Who would have thought that the 1960’s cult hit from the band The American Breed would have been a perfect fit for this suspended scaffold job at the CityView Condos. But once you see what Superior Scaffold can do with modular swing stages you will understand the significance of, “Bend me, Shape Me”.
Every now and then you run into a job that doesn’t have a flat surface – like here at 2001 Hamilton St, Philadelphia, PA 19130. The building is unique, in that, it has 45 degree corners. This poses a challenge for most contractors trying to do any façade or window work. But with our staging we helped the contractors configure this job with the least amount of suspended scaffold.
We have the ability to configure the swings to almost any shape.
This particular building has a total of 8, 45 degree corners and is approximately 240 feet in length. We were able to cover then entire building using 6 suspended scaffolds.
Superior scaffold also provided 400 ft of overhead protection.
So the next time you hear:
Bend me, shape me
Anyway you want me
Long as you love me
It’s all right
Bend me, shape me
Anyway you want me
You got the power to turn on the light
Think about Superior Scaffold’s ability to custom fit any swing to access those hard to reach areas.
And for those nostalgia people – check out these videos.
(the back and white version)
If you prefer color – it’s here…
No mics, no horns, no orchestra… crazy stuff…
This neat old church at 1064 Penn Ave, in Wyomissing, PA, that began its life in 1909, needed some repairs to the high vaulted plaster ceilings – so they called Superior Scaffold.
Superior is known for its skill working with historical buildings and the care it takes around one of a kind artifacts and structures. This was no different. We had to construct some cool system scaffolding up, over and around pews, alters, and priceless objects at Bausman Memorial United Church of Christ
The ceiling was divided into sections with flying buttresses, so the layout had to be spot on accurate.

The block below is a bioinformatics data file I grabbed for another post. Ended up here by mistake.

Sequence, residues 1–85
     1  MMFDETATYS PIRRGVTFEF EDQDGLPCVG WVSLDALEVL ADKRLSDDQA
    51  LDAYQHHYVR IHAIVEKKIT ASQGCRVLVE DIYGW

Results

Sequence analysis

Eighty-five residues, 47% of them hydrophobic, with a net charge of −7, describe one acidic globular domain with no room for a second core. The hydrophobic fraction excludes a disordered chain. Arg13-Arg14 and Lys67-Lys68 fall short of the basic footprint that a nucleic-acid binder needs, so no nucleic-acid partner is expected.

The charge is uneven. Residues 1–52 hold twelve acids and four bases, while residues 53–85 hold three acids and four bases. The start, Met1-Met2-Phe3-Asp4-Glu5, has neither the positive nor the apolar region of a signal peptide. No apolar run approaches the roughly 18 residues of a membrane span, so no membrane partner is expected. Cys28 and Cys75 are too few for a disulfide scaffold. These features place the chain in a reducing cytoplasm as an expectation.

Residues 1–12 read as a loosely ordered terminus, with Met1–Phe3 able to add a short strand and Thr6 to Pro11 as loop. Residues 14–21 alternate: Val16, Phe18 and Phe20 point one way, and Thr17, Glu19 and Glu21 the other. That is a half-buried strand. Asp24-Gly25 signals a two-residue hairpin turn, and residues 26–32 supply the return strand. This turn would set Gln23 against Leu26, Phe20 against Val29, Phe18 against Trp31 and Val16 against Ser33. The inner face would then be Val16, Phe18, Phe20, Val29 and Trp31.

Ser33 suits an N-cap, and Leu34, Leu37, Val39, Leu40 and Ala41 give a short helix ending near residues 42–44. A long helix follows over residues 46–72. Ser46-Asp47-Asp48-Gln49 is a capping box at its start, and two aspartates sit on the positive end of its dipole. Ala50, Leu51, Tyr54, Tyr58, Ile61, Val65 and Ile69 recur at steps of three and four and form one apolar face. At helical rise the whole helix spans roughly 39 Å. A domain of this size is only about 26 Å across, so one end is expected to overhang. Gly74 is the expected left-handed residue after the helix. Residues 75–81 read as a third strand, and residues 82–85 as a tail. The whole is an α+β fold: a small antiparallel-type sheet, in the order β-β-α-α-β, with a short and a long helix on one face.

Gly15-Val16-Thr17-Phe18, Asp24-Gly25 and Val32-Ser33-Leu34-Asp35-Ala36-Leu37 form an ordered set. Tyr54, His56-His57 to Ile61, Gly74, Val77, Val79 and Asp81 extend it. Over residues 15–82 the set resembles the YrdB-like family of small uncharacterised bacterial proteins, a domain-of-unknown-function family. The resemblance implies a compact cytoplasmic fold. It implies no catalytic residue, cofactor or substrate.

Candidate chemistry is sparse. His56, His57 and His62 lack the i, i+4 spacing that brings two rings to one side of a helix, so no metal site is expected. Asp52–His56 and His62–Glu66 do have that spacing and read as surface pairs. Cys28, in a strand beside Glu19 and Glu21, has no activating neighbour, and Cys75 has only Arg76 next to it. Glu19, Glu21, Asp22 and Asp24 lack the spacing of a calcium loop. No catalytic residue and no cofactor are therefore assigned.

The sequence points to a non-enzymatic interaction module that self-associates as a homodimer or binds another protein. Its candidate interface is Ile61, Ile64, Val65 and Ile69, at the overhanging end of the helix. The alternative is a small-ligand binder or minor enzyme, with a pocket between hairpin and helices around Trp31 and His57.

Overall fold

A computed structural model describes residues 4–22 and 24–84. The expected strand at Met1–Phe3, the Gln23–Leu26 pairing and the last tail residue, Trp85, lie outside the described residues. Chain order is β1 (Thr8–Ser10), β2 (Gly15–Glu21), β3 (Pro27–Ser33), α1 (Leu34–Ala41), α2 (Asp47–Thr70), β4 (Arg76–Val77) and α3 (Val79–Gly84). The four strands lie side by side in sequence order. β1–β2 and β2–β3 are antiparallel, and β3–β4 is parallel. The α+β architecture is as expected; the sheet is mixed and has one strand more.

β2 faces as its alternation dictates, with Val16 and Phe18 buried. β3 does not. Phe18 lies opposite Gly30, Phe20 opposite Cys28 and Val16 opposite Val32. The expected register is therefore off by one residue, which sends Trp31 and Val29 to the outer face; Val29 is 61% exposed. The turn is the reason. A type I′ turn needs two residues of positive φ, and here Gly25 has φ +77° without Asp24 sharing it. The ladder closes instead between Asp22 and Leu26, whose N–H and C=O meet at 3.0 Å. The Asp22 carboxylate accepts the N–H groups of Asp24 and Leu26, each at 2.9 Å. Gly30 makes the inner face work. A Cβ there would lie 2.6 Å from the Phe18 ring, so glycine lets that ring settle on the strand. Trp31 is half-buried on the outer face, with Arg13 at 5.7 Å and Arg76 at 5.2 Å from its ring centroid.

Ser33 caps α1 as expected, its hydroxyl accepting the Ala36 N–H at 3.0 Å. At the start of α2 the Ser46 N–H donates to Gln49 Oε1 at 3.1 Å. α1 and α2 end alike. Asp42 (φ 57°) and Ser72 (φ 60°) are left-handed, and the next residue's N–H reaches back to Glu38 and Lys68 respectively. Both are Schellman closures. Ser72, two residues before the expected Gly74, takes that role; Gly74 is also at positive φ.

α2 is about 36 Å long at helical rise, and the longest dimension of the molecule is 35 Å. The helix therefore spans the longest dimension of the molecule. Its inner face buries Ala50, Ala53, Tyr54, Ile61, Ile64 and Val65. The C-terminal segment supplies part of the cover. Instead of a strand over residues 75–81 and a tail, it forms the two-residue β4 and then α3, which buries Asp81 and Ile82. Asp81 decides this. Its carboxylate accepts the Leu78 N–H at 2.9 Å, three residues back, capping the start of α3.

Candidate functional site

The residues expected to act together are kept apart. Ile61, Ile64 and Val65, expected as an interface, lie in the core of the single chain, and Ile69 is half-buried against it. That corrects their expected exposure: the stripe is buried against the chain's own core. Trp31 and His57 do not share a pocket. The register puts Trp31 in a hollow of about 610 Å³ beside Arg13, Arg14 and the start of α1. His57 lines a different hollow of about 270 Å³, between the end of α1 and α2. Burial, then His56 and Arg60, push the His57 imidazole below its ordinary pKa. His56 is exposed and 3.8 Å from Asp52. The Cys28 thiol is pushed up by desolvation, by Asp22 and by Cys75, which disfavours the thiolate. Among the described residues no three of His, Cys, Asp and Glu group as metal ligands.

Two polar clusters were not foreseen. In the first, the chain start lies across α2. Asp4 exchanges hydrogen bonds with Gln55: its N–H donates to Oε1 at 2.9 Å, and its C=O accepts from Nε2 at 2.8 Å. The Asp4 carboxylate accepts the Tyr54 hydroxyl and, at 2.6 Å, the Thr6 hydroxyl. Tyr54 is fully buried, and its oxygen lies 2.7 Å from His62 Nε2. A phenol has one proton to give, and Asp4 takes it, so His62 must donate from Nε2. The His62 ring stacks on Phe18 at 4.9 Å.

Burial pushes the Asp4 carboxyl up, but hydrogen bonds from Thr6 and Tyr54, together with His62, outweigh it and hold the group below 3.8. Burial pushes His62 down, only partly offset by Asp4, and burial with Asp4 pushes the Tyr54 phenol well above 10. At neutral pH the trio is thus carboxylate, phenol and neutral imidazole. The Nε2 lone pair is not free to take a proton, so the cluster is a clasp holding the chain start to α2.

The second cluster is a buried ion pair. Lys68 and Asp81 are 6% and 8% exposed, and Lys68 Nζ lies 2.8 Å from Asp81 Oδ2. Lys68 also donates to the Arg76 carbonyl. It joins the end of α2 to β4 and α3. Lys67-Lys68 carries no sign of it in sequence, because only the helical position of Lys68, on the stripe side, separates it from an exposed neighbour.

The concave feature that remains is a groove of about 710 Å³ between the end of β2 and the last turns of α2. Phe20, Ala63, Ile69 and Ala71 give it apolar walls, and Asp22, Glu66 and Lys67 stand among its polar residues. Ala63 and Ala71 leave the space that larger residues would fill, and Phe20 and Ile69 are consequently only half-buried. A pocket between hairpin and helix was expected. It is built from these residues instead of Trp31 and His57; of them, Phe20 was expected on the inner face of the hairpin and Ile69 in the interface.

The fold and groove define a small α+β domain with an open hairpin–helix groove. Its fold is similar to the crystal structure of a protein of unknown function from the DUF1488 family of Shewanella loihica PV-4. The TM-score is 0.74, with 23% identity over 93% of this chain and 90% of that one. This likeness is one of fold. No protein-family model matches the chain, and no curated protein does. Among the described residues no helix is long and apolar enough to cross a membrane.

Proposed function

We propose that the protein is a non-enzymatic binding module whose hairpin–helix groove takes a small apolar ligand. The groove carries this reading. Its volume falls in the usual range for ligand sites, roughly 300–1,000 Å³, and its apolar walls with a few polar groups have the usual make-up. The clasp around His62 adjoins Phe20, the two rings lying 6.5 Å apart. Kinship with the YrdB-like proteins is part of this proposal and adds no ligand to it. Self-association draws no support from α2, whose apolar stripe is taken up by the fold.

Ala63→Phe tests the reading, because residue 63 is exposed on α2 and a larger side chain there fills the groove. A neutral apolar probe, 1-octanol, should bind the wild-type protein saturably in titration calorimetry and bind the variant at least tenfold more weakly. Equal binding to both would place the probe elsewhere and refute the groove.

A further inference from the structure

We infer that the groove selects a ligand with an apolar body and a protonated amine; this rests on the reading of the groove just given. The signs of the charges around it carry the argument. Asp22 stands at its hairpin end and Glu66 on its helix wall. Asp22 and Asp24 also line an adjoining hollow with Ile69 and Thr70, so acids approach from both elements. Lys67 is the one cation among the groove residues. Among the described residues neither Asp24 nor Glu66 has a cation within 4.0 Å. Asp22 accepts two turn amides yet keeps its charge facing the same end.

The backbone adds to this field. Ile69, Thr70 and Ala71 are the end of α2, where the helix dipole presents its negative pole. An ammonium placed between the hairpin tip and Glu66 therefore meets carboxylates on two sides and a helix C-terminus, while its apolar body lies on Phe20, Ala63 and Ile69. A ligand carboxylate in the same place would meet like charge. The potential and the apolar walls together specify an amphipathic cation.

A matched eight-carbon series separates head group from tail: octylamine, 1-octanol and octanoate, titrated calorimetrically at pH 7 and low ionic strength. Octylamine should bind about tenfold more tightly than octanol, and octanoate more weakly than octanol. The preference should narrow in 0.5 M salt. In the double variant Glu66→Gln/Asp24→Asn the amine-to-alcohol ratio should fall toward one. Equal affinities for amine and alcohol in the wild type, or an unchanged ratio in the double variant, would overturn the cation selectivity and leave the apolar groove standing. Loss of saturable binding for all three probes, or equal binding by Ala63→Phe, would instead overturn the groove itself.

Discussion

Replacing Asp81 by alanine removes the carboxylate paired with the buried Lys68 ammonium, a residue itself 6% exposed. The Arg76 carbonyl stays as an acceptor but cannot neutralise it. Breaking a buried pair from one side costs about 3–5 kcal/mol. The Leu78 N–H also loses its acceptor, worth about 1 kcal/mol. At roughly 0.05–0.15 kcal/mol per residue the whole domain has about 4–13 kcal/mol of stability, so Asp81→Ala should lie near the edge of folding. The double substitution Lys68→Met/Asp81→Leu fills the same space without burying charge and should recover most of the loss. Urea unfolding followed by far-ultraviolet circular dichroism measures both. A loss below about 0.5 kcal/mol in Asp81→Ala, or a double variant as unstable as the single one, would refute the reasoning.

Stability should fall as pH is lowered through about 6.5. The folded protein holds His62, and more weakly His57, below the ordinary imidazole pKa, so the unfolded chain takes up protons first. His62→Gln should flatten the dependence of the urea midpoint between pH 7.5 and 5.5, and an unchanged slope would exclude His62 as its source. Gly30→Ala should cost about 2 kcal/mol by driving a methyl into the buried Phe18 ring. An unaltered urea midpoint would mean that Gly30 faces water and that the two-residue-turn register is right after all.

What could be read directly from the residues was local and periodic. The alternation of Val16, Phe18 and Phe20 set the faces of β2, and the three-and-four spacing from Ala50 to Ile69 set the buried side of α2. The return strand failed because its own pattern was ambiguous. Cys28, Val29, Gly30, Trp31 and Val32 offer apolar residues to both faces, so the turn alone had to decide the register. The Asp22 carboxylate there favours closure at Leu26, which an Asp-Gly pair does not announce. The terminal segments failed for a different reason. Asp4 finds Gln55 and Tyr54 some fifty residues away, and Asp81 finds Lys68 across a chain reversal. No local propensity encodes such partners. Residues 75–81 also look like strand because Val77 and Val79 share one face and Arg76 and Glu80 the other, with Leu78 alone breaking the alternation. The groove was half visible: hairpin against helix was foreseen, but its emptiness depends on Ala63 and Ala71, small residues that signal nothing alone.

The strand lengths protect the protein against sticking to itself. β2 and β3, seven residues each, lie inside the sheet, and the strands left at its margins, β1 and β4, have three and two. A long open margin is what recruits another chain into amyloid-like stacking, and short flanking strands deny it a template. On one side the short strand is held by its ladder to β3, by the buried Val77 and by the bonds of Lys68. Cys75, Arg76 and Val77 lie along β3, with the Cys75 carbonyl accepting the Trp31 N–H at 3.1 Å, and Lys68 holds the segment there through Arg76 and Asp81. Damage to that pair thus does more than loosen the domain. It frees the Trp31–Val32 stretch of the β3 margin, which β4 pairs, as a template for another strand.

We used system scaffold with joists and plank to not only get to the hard to reach places but to also build a solid platform or dancefloor for the workers.
The steep, sloped, plaster ceilings had new sheetrock added over the old plaster, and then they were textured and painted.
This gave the old girl the dress up she needed for the next 100 years.
We were proud to bring our skills and experience working with historic buildings to Bausman Memorial United Church of Chris.
Here are some articles detailing Superior Scaffold’s work with historic buildings:
A little history on this church.
Bausman Memorial United Church of Christ is part of a denomination which is a merger of the Evangelical and Reformed Church and the General Council of the Congregational Christian Churches of the United States.
Construction of a small church began in 1909 and it was dedicated in 1911. As the congregation grew, members decided to complete the church building with an addition begun in 1922. The completed building was dedicated in 1924.
1064 Penn Ave Wyomissing, PA 19610
Bausman Memorial United Church of Christ is a church of diverse learners seeking answers to life’s questions based on the teachings of Christ. We nurture each other with respect, share with each other as family, and engage God and others in worship, music, study and in service. Every Sunday we offer Church School programs for all ages at 9:00 a.m. and gather for worship at 10:15 a.m.
Univeristy of Pennsylvania Museum of Archaeology and Anthropology completes phase 2 of $15 Million renovation
The University of Pennsylvania Museum of Archaeology and Anthropology |
at 3260 South Street | Philadelphia, PA 19104 | (215) 898-4000 has just completed
phase 2 of it’s extensive rennovations.
Widener Lecture Hall now looks like this after a complete restoration – thanks to the many craftsman and companies that took part – including us – Superior Scaffold.
The completion of the Widener Lecture Hall marks the end of the second phase of the Penn Museum of Archeology and Anthropology’s $15 million renovations of its west wing, which began in 2010.
This is what it looked like when Superior was brought in to provide scaffolding support so crews could get to the arched ceiling for mechanicals, electric, HVAC, sprinklers, and more. The challenge was to get workers to the hard to reach areas while allowing the ground below to remain open for access.
Superior used system scaffold towers connected with trusses up top to free up space for other trades below. Everything was decked in high above the ground to make a safe working platform.
The new space got air conditioning for the first time in its history, as well as new windows, lighting, and a state of the art audio visual system.
Built originally as a lecture hall in 1899, Widener Lecture Hall has most recently been used for woodshop exhibitions.